There are already a number of new therapies on the horizon for paraneoplastic AE that will hopefully improve the symptoms and long-term outcomes of this disorder. For example, understanding the role of cytotoxic T cells in paraneoplastic AE has led scientists to start to test treatments that directly target cytotoxic T cells.15 Conducting clinical trials in a relatively rare disorder like paraneoplastic AE can be especially challenging. But a growing awareness among physicians about paraneoplastic AE has led to an increased number of patients receiving a proper diagnosis for their neurologic symptoms. Clinical trials that enroll larger numbers of patients with paraneoplastic AE will hopefully hasten the development of more effective treatments.
- Overview of paraneoplastic syndromes of the nervous system – UpToDate. https://www.uptodate.com/contents/overview-of-paraneoplastic-syndromes-of-the-nervous-system.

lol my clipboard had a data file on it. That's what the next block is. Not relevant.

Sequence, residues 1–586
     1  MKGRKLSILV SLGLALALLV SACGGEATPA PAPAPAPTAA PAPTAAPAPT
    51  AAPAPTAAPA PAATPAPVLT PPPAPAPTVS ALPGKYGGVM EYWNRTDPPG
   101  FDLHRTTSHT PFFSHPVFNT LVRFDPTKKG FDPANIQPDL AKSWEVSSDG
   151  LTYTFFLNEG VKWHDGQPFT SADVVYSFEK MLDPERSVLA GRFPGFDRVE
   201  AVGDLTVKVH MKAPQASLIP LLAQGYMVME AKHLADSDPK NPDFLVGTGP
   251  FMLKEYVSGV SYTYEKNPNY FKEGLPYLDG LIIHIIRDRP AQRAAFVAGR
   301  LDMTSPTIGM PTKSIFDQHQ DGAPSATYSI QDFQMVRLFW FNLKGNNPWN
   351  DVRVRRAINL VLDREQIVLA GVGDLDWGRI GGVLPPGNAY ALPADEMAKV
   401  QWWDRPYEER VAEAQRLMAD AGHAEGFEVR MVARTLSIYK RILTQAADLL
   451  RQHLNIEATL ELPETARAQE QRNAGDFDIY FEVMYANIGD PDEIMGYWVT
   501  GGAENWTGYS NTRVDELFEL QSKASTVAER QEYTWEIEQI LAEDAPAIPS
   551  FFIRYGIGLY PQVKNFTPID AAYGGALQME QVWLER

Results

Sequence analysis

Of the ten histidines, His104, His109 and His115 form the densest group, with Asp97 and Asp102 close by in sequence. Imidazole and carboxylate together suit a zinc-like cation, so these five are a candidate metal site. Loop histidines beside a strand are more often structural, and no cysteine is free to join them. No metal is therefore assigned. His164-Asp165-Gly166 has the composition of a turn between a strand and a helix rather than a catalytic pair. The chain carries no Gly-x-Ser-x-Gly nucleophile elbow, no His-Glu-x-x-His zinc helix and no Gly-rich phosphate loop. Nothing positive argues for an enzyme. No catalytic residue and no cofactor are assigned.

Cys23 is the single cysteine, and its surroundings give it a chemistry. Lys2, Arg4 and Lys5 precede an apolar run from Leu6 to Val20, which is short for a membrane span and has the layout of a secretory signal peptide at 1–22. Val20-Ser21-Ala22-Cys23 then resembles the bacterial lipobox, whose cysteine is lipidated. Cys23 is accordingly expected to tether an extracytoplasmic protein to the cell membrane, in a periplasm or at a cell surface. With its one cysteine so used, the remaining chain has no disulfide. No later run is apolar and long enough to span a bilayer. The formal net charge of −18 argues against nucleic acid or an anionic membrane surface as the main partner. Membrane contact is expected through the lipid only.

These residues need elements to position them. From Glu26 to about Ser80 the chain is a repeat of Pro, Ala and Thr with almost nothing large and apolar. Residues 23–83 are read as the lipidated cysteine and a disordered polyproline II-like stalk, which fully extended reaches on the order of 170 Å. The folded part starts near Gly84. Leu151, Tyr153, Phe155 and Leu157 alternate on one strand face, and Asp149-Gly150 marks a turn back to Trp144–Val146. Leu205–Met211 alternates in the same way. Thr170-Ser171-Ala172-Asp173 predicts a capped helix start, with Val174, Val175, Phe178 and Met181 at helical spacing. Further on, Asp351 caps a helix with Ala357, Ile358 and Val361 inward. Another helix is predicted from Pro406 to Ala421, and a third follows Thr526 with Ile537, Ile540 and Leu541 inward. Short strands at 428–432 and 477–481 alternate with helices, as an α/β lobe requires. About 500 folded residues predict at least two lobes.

- Dalmau, J. & Rosenfeld, M. R. Paraneoplastic syndromes of the CNS. Lancet Neurol 7, 327–340 (2008).
- Shankaran, V. et al. IFNgamma and lymphocytes prevent primary tumour development and shape tumour immunogenicity. Nature 410, 1107–1111 (2001).
- Raskov, H., Orhan, A., Christensen, J. P. & Gögenur, I. Cytotoxic CD8+ T cells in cancer and cancer immunotherapy. Br J Cancer 124, 359–367 (2021).
- Cano, R. L. E. & Lopera, H. D. E. Introduction to T and B lymphocytes. in Autoimmunity: From Bench to Bedside [Internet] (El Rosario University Press, 2013).
- Paraneoplastic cerebellar degeneration – UpToDate. https://www.uptodate.com/contents/paraneoplastic-cerebellar-degeneration.
- Melzer, N., Meuth, S. G. & Wiendl, H. Paraneoplastic and non-paraneoplastic autoimmunity to neurons in the central nervous system. J Neurol 260, 1215–1233 (2013).
- Neumann, Harald, Isabelle M. Medana, Jan Bauer, and Hans Lassmann. “Cytotoxic T Lymphocytes in Autoimmune and Degenerative CNS Diseases.” Trends in Neurosciences 25, no. 6 (June 1, 2002): 313–19.https://doi.org/10.1016/S0166-2236(02)02154-9.